New POLIWOOD - Special James Bond/Mumbai edition
Well, not really. It was recorded too early. Next week's show, which will concern this year's indie triumph slumdog millionaire - set in India - doubtless will have plenty to say about Mumbai. (We hope it will be over by then, but who knows?) But in today's POLIWOOD Chetywnd and I show our complete disdain for the new James Bond - the pretentiously titled Quantum of Solace (yes, I know there was an identical Ian Fleming title).
The villain here (and in the movie) is "moral equivalence." As it has been in so many recent Hollywood thrillers, the bad guys are businessmen, CIA agents (rogue or otherwise), the man in the moon, fake environmentalists (Quantum) anything and anyone but the real villain staring them in the Mumbai face- Islamofascism. Heaven forbid they might address the truth.
Of course Fleming and the original Bonds did. They were all about our competition with the former Soviet Union and, as Lionel points out on the show, it was a given that we were the good guys. That gave Connery/Bond the license to wreak all kinds of havoc on his SMERSH (KGB) adversaries. And he did it with a smile, something conspicuously absent from the new Bond.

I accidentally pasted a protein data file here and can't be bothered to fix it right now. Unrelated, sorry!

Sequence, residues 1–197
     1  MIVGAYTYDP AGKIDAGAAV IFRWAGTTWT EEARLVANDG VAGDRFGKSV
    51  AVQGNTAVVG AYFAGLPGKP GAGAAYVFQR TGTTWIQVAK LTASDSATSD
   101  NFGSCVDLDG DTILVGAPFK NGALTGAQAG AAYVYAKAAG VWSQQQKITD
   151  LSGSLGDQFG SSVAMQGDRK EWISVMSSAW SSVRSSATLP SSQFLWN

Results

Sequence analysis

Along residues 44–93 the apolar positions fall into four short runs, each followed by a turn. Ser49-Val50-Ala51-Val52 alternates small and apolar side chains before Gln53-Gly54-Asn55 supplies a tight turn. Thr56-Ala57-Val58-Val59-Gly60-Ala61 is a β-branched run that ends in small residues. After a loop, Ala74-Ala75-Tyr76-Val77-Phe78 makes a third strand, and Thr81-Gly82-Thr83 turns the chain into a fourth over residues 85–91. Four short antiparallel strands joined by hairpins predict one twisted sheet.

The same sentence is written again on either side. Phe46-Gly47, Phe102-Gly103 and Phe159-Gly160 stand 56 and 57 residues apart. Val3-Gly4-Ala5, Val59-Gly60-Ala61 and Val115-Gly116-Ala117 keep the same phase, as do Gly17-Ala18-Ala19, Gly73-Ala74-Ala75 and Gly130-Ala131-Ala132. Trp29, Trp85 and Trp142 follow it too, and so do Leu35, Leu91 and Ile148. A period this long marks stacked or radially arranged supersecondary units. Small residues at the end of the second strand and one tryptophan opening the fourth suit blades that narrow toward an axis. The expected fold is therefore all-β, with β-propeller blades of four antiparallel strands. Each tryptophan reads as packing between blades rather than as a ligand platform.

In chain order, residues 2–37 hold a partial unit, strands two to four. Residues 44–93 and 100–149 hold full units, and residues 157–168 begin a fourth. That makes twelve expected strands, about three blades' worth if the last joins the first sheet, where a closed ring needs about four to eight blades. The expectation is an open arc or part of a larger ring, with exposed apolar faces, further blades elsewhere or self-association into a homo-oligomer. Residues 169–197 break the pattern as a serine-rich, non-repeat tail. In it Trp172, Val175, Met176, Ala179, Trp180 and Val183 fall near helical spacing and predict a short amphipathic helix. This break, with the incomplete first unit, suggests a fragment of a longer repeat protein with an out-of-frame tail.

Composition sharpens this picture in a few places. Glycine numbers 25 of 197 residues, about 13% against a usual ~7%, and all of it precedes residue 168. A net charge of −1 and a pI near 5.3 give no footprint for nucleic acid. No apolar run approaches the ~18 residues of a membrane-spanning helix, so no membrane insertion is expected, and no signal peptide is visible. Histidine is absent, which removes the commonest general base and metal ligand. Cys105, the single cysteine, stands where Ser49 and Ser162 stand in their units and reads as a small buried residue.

On today's show, we carry forth the "moral equivalence" discussion out of the Bond arena into a more serious film of recent years, Steven Spielberg's execrable Munich. How pathetic that film looks in the shadow of Mumbai. We didn't mention it on the show but one thing I noted at the time was that movie buries the actual terrorism that instigated the Israeli "revenge" in an arty montage near the end of the film. To have shown the Black Septembrists massacring the Israel athletes at the front of the movie, where it would normally have been, would have disrupted the filmmakers vision of "moral equivalence." Whether that decision was made by Spielberg or his scenarist Tony Kushner is not known. But one thing is known - Kushner was and, I assume, is a militant anti-Zionist. Why did Spielberg, the supposed lover of Israel, hire him? Strange as it may seem, it's possible the director didn't even know the playwright's views. After all, Spielberg's a busy man. Very busy. Many projects on his plate. Crazy, huh? ... Well, that's POLIWOOD!